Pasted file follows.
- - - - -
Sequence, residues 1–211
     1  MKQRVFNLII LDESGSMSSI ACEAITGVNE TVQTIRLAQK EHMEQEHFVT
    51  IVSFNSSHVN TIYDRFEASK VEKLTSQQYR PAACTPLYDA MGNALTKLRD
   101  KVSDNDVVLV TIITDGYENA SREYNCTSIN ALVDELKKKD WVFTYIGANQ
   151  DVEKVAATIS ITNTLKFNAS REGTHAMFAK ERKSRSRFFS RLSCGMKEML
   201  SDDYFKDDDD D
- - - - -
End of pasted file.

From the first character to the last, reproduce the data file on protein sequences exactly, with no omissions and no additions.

Sequence, residues 1–211
     1  MKQRVFNLII LDESGSMSSI ACEAITGVNE TVQTIRLAQK EHMEQEHFVT
    51  IVSFNSSHVN TIYDRFEASK VEKLTSQQYR PAACTPLYDA MGNALTKLRD
   101  KVSDNDVVLV TIITDGYENA SREYNCTSIN ALVDELKKKD WVFTYIGANQ
   151  DVEKVAATIS ITNTLKFNAS REGTHAMFAK ERKSRSRFFS RLSCGMKEML
   201  SDDYFKDDDD D